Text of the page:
5 Tweeting Tips for Educators

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shutterstock_292272821 Hong Kong, China - July 23, 2011: Macro image of clicking the Twitter icon on an iPad screen


Ross Morrison McGill founded @TeacherToolkit in 2010, and today, he is one of the 'most followed educators'on social media in the world. In 2015, he was nominated as one of the '500 Most Influential People in Britain' by The Sunday Times as a result of...
Read more about @TeacherToolkit

What social media advice would you share with educators?

This is a post to share works for me; to help share with educators how one can use social media to improve reach and engagement in a personal capacity.

One year ago, I wrote 10 Tips for Tweeting Teachers which proved very popular. In this blog, which 35,000 of you have read across the world; I divided the post into strategies for the beginner, intermediate and advanced to help teachers of various abilities get to grips with this amazing tool.

Assuming the reader is savvy with social media, blogging and IT tools to help manage content, I have re-written this post to focus on exposure in 5 smarter tips for advanced users of social media. In this post, I share my secrets and explain what works for me to help me work smarter, not harder.

Mastering the Tools:

1.There is a small battle to be won when first creating an account with Twitter. Not only do you need to learn how it works, but there is a pain threshold to break through; to understand how the platform works; to discover the various shorthand codes; Twitter etiquette and what and how each interaction means with strangers and/or people you build relationships up with.

My single piece of advice would be to define what you want to use Twitter for: this will help you understand how you want to use it in the first place. You can read here about Social Media Advice Your Headteacher Shouldn’t See! In this post I share how anonymous accounts have attacked me with unsavoury critique and unwelcome advice. Just make sure your headteacher doesn’t find out!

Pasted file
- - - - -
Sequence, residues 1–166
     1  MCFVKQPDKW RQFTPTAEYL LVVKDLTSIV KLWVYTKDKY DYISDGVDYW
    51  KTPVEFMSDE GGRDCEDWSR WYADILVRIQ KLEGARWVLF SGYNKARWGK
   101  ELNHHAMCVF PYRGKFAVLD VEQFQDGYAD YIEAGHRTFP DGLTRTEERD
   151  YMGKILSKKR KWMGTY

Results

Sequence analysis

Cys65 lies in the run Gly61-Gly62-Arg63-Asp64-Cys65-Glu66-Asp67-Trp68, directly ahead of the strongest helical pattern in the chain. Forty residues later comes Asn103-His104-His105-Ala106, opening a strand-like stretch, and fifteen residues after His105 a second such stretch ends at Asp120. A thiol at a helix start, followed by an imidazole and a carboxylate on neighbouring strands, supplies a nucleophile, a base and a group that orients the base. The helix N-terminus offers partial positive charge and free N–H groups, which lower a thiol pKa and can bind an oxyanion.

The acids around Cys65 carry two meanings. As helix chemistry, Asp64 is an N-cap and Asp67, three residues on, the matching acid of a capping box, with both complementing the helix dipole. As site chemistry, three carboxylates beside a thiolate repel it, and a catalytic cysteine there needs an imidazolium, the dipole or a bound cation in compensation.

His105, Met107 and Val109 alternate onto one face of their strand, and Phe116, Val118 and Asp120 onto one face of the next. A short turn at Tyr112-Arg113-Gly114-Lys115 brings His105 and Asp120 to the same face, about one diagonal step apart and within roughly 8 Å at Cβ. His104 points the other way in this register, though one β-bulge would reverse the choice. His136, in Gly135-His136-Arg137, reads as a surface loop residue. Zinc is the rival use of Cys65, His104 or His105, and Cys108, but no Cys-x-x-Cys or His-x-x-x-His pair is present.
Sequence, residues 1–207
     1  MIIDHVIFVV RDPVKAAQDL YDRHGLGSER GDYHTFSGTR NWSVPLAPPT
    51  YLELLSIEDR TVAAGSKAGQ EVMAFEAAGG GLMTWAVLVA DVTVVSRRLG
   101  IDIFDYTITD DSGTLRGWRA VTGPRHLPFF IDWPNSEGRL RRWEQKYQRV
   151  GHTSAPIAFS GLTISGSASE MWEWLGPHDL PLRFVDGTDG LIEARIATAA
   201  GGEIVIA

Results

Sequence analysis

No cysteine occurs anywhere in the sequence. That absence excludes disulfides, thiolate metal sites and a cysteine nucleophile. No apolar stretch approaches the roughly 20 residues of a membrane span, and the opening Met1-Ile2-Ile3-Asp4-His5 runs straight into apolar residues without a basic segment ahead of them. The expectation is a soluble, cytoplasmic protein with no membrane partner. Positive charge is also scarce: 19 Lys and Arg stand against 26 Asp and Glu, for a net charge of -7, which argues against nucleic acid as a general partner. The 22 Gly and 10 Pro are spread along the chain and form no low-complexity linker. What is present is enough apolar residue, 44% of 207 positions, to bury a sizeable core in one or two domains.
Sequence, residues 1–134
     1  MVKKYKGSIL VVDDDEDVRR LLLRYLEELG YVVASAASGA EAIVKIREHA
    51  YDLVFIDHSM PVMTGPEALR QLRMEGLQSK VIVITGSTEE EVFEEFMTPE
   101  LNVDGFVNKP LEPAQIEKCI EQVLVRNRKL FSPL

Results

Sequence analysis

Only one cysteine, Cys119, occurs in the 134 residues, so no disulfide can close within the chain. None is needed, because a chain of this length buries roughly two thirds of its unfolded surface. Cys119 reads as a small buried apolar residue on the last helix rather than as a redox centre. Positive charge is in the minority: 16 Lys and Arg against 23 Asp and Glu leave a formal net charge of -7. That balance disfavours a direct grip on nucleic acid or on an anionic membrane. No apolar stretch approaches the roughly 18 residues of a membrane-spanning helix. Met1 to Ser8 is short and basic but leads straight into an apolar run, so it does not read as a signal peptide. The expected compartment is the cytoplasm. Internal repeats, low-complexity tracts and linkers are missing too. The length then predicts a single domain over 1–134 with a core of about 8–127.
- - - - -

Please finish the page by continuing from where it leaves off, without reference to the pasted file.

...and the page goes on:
The Twitter glossary includes vocabulary and terminology used to talk about features and aspects of Twitter. And if you are really confused, start off my 3 simple tips for Twitter Beginners.

shutterstock_180226871 Social media hashtag tweet. Businessman in white shirt with a black tie showing or holding business card

Image: Shutterstock

Content is King:

2. Some users will use Twitter to have conversations or simple to push out content. My strategy is to do both, but manage them well in moderation. Time when you reply to conversations, sometimes saving replies for a quieter period of time when you may have less to say, or may be less distracted. This can be even more difficult in heated conversations where disagreement is had, and when 140 characters is not quite enough content.

So, ‘saving’ tweets for another time is an ideal opportunity to take the heat out of any conversation and give you a moment or two to reflect on what reply is needed (if at all). A blog can also help support further content to tweets to help promote thought, content or resources. Here is one example where my tweet caused a fuss, yet the blog hyperlinked provided the context.

shutterstock_282174338 Internet content marketing sketch on blue background over notebook.

Image: Shutterstock

You can read How Do You Do It? which answers the most frequently asked question I hear. I explain how I balance my personal life as a father and as a education-blogger, as well as the demands of being a deputy headteacher.

No matter what you do, content is king, as well as your own frequency, moderation and level of critique. For me, avoid challenging individuals and challenge collective thought from watchdogs, companies and bodies. Here is an example.


  1. In my experience, ‘the ideal tweet‘ contains the following formula;
  • Question and/or statement
  • Hyperlink to further content
  • Engaging image; perhaps containing information to support the message
  • Well-timed at critical times of the day
  • Relevant hashtag
  • Good use of grammar and Capitalisation.

Here is one example below;

Twitter Analytics

The ideal blogpost to support any Twitter hyperlinks contains;

  • A well-written post, no more than 500-800 words in length.
  • Captivating title and opening question/statement.
  • A thought-provoking summary with some questions for reflection.
  • Relevant, high-quality and engaging images to support key messages in the post.